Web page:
Just when our kitchen was completed, our deck was done, and we thought we were finally finished with any home renovations for at least a few years, we decided to try for a third baby. Our two perfect kiddos had always been the plan, but my husband and I also always said that a benefit of starting our family while we were young was being at liberty to change our minds.
One of the things that might have stopped us from trying earlier was that we loved our Los Angeles neighborhood and had no desire to move. (Would you want to give up this view?) But we also weren’t quite sure how a third kid would work in our current space. I’m all for siblings sharing a room, but with a bigger age gap, it felt less than ideal (my older two kids were already 5 ½ and 8 ½ when their baby sister was born).
Our first thought was to add another bedroom to the front of our house to make space for the baby, but when we went to get permits, we found out that most of our front yard is city property (!!!), meaning we didn’t have the space we thought we did for an actual addition. It was a major disappointment, but given our past renovation experience we knew we just had to get creative and find a way to make it work! (We’ve done so much work on our house that my 6-year-old recently requested in total earnest that we build him a new room for his LEGO creations.) Back to the drawing board we went…
Before this round of renovations, our front door opened straight into the living room. I always wished we had a more formal entryway with a good place to drop our shoes and bags. So, with that in mind, we came up with the idea to add interior walls to build a new bedroom and add an entryway at the same time. I have trouble visualizing things on paper, so my husband helped me prop up my kids’ Nugget play couch cushions and some seamless stands to see how everything would look in real life.
As it turned out, adding interior walls was also a huge money and time saver. My husband and his contractor father even did all the framing themselves, and we only had to hire someone to do the drywall, electrical, and paint!
We got the entryway I always wanted, saved so much money versus a true addition, and made the most out of an underutilized spot in our super-long living room. Necessity really is the mother of invention, isn’t it?
I know there are no guarantees when it comes to getting pregnant, but as it turns out we found out we were expecting Story Salinger Saul not long after the new room was completed. We only had the space for a tiny 8×10 room (no closet, so we can’t officially call it a “bedroom” if we ever decide to put our house on the market), but it feels perfect for our family. There will most certainly be a loft bed in Story’s future to free up floor space once she’s out of the crib, but what kid doesn’t think loft beds are super cool?!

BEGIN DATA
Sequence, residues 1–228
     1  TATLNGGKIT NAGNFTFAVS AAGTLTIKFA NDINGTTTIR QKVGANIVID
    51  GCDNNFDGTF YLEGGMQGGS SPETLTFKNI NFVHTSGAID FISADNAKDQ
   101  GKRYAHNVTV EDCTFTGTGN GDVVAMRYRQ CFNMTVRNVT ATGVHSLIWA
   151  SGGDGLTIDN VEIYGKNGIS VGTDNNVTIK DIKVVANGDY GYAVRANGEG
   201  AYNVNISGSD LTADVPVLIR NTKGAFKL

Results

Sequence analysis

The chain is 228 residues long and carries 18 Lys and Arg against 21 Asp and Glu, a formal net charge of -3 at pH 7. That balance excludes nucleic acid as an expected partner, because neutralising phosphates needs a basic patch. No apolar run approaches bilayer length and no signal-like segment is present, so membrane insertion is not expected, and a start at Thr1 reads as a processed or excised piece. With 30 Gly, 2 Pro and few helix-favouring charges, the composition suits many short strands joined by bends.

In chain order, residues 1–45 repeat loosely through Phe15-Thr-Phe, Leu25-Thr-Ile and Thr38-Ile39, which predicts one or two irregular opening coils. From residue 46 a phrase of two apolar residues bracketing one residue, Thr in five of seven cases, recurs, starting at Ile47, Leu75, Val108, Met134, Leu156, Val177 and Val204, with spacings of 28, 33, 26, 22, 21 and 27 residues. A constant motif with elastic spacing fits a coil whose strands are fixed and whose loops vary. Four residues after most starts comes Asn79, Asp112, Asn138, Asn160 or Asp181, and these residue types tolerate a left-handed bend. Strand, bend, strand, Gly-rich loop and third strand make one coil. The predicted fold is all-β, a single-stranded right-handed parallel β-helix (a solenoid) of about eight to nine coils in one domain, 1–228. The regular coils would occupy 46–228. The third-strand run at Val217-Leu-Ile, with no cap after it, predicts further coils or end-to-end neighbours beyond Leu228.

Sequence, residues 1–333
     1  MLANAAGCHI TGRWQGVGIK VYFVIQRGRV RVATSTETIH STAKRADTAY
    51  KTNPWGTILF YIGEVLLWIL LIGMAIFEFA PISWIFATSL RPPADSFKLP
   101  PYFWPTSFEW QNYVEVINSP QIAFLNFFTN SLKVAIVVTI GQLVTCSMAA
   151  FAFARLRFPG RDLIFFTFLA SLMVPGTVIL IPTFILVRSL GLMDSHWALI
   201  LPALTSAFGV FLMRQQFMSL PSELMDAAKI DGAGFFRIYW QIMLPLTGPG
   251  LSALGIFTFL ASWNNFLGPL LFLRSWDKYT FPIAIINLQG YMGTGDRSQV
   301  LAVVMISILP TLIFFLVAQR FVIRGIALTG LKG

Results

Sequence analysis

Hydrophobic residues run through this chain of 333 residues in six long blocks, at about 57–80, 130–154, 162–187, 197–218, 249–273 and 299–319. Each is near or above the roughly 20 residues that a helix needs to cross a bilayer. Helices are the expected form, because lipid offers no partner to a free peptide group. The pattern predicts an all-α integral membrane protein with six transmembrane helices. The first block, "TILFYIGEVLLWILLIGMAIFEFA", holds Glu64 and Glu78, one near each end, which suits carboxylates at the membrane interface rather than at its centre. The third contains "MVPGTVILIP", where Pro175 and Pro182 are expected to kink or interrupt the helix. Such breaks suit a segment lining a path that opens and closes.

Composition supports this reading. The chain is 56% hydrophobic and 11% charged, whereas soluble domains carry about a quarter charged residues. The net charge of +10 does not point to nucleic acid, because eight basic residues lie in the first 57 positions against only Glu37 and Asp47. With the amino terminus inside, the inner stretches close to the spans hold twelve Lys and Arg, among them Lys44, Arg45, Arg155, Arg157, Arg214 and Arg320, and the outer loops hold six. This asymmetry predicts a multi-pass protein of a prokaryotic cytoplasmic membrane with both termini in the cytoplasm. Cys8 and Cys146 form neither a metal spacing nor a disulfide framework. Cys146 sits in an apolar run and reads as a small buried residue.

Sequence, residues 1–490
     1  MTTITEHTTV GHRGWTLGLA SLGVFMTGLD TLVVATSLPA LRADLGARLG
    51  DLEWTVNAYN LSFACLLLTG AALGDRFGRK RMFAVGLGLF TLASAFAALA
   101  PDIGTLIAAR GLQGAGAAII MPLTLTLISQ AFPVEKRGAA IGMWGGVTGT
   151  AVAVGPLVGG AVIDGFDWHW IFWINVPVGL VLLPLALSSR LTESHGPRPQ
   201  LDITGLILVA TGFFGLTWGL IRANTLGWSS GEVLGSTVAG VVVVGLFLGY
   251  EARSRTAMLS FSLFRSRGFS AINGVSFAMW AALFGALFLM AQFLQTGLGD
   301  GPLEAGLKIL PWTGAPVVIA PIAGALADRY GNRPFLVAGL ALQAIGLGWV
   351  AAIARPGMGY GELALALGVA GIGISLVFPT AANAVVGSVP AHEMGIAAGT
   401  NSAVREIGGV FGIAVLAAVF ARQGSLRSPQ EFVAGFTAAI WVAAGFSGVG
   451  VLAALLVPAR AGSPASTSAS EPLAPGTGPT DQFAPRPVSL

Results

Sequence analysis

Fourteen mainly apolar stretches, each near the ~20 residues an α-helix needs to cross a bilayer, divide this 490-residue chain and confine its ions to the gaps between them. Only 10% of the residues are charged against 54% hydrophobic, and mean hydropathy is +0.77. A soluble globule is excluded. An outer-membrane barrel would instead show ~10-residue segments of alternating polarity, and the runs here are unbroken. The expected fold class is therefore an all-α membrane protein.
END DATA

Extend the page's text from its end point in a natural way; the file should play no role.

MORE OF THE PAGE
Mirror | Dresser (vintage from Bananafish Vintage Furniture) | Pear Basket | Canopy | Wall Hanging (DIY) | Mobile (DIY using wool ornaments from various Etsy sellers) | Changing Pad Cover (similar) | Framed Print (similar) | Play Mat
Mirror | Dresser (vintage from Bananafish Vintage Furniture) | Pear Basket | Canopy | Crib (Facebook Marketplace) | Wall Hanging (DIY) | Mobile (DIY using wool ornaments from various Etsy sellers) | Changing Pad Cover (similar) | Framed Print (similar) | Play Mat
While a small space has its challenges (layout can be super tricky), I find it much more manageable to decorate. I only had an 8×10 room to fill so I was able to focus my energy on a smaller number of really special design details, instead of stretching myself thin trying to furnish a giant room.
The inspiration for Story’s nursery was California Casual-Meets-English-Countryside. Scalloped edges, whimsical details, ditsy florals, and patterns mix with natural wood tones. It’s meant to be perfectly imperfect!
At this point, I’m big on challenging the assumption that having kids always necessitates more square footage, a huge car, more money, a move to suburbia, or more, more, more of anything. “Want better, not more” is my motto when it comes to design. I hope this project makes a good case for turning a starter home into your forever home, living with less stuff, and taking a leap of faith when something (like that third baby!) feels right.
We care a lot about the planet, so this solution also felt much more in line with those values, too. We shuttle our brood around to ballet, basketball, and gymnastics in a single car. I made a commitment not to buy any brand-new baby items this time and source most of Story’s clothes secondhand. I am a stickler for clearing any clutter and not buying things we don’t really need. I’d rather have a smaller, more efficient space that feels creative, comforting, and full of love.